CMES and the Institute of the Environment present:
Environmental activism above politics? How contests over energy projects in Turkey are intertwined with identity politics
Ståle Knudsen, PhD
Professor, Social Anthropology
University of Bergen, Norway
Monday, March 31, 2014
4pm in Marshall 490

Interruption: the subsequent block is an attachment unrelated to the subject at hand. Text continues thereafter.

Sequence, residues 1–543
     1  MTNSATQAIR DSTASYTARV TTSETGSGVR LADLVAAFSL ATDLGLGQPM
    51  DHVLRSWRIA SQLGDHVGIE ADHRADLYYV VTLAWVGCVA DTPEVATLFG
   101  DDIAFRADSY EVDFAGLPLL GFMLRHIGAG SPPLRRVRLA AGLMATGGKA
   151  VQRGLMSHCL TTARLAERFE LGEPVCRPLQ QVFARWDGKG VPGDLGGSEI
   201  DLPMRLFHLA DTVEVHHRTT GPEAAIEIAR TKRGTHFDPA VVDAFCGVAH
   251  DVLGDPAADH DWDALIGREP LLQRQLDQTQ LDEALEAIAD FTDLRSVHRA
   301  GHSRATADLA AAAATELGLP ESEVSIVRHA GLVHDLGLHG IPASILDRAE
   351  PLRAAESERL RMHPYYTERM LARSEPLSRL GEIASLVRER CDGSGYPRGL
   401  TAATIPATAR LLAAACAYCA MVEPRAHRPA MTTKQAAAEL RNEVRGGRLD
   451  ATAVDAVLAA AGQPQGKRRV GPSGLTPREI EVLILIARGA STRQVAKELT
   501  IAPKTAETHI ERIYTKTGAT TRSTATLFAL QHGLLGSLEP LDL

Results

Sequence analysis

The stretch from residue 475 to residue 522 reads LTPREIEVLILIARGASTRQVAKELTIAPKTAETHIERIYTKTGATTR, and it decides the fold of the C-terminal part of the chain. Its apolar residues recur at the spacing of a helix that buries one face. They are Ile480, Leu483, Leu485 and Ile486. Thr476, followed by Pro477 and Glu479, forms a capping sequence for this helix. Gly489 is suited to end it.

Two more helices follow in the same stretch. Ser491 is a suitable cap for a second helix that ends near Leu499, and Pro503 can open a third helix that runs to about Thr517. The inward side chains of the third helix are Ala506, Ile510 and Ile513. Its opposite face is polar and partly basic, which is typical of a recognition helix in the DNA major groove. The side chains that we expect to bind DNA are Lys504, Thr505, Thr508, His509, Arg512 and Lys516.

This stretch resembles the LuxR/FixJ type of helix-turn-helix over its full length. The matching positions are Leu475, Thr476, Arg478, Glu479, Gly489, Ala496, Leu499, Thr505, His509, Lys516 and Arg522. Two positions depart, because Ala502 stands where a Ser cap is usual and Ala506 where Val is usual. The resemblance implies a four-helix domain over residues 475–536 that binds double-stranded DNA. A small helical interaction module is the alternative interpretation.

In parallel with its rapid economic growth during the last years Turkey has seen a massive investment in and development of energy production. Planned and actual construction of hydropower, gas- and coal-fired power stations as well as nuclear plants has been met with considerable opposition by local population as well as environmental groups. Many organizers of these protests stress that the resistance is 'above politics', yet they are caught in a dilemma where politicized identities can be a resource in mobilizing resistance, but ascription of identities such as 'terrorist' are difficult to avoid. This paper explores and compares how this dilemma is handled in environmental protests and argues that environmental conflicts can only be understood within the context of national identity politics. In Turkey strong social, political and symbolic frames for mobilization are rather reproduced than challenged as the protests, movements and NGOs manoeuvre to gain support for their causes. These frames relate to images of the Turkish nation and internal and external threats to it. Who you are, especially your ethnic or political identity (often correlated), and who you cooperate with often become critical for the credibility of a protest or movement. Environmental activism seldom remains 'issue-based', however much activists themselves claim or desire their protests to be 'above politics'. These characters of environmental social movements in Turkey may explain why they tend not to seek international cooperation and why they may not be as much expressions of a 'mature civil society' as commentators expected during the early years of AKP rule.